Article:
A few days ago, Ru asked me if the RSS on my blog is available.
Hint: it wasn't.
Go check Ru's work by the way. She is actually investing a lot of thoughts into whatever she's doing, so expect to find something worthwhile around her.
But the fact is, this blog's feature list is very slim, mainly because I am trying to build the blog without the database - it is based entirely around git and generated statically. The resulting workflow of such setup suits my command line addiction, but I have to balance between hacking on the blog and creating the actual content. You may guess which one of these two activities I totally avoid most of the year.
Anyway, an Atom or RSS feed is a pretty indispensable feature, so I went on squeezed some time in for an actual implementation, as I there were no excuses left for not having one at this point.
The bulk of the work for RSS on Sapper (a part of Svelte ecosystem) has been documented at lacourt.dev and it was tailored for Atom further at dev.to. I have chosen to implement Atom over RSS 1.0 or RSS 2.0, because Atom is a defined IETF standard meaning it is less likely to change unexpectedly, providing a potential for a long term stability.
The structure of the RSS file is XML, meaning it will not readily accept HTML. My HTML is automatically generated, so I tried tweaking some parameters, trying to make the generated HTML as compliant at as possible. After I resolved chain of few errors I got stuck, so I went looking for a different way.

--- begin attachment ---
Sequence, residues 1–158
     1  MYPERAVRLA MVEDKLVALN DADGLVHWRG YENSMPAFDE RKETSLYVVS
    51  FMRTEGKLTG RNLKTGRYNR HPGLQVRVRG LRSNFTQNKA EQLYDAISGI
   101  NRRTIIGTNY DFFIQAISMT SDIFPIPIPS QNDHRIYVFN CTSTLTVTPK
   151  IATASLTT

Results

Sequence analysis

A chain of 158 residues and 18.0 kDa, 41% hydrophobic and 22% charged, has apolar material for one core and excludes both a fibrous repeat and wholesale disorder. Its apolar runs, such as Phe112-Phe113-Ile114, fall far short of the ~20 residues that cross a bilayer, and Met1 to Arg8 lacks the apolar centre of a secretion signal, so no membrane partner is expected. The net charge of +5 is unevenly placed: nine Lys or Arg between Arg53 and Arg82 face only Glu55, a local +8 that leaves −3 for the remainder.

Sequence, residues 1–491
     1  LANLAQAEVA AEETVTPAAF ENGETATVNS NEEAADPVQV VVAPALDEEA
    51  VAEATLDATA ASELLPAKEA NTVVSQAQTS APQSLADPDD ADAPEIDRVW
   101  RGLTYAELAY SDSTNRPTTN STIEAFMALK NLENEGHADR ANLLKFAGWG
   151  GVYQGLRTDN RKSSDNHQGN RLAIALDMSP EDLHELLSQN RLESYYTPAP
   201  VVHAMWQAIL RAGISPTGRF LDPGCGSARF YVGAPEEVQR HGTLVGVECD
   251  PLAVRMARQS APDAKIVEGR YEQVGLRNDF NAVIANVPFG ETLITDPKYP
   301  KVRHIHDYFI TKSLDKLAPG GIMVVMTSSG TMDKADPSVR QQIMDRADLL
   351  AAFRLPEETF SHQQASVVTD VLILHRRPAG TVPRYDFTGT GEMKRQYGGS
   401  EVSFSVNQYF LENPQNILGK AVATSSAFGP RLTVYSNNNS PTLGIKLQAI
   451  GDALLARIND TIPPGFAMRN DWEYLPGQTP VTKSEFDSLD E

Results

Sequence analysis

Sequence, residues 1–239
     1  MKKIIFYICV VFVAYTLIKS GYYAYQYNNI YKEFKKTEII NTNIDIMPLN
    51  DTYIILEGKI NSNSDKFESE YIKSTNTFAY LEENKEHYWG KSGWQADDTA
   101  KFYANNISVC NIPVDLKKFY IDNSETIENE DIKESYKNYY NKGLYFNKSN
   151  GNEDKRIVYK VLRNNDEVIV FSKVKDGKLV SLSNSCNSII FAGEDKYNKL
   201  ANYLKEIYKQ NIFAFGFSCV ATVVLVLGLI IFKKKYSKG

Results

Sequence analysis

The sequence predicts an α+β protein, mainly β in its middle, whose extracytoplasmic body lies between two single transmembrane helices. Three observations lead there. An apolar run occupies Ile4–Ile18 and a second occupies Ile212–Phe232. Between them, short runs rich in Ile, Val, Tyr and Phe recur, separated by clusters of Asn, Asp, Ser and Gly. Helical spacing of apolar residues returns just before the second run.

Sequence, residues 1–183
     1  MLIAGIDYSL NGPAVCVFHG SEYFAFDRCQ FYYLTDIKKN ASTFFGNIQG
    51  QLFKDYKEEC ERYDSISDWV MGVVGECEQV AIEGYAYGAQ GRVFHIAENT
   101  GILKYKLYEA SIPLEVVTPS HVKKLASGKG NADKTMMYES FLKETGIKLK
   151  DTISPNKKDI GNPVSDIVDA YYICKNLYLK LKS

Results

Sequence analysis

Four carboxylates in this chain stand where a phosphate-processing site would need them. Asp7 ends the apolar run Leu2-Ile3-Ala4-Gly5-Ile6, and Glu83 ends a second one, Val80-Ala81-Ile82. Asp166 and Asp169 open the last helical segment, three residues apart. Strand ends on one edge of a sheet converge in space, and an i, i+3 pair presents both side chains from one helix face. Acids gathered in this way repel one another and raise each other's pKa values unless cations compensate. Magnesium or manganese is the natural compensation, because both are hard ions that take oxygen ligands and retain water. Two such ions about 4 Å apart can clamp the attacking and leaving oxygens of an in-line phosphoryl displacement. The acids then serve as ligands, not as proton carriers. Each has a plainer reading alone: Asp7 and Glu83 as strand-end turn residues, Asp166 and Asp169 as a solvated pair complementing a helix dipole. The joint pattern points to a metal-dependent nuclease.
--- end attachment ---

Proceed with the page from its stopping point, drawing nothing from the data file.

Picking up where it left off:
The HTML can of course be included in XML and there are at least two common ways to do so. One is to encode the content in Base64 encoding and the other is to use CDATA tag. I went with CDATA as I could not find if RSS clients decode Base64 automatically or there is some way to tell them to do so. Also, way CDATA is more verbose, meaning expecting the generated RSS file manually I can see what is going on straight away.
I have also discovered that there is a library for feeds called
and it is a part of unified.js ecosystem. I use
many components they provide for markdown to HTML transformation and this
could be used readily as well. I might use that in the future as a part of
optimizations. Currently the file itself is probably over 1 MB large and it
is shipping all the CSS classes and other similar stuff that might not be
needed, so there is definitely some room for improvement.
Finally, I did provide categories as a concatenated string for now as many my posts do not have a clear category and I plan to rework that a little bit in the near future, so expect some changes in this area as well. Also deciding if I should provide only excerpt of the full post was easy for me and Kev covered it on his blog post precisely, clearing any doubts.
The feed should be automatically discovered via
peterbabic.dev, but if
not, the route to it is at https://peterbabic.dev/rss. Enjoy!
This is a 57th post of #100daystooffload.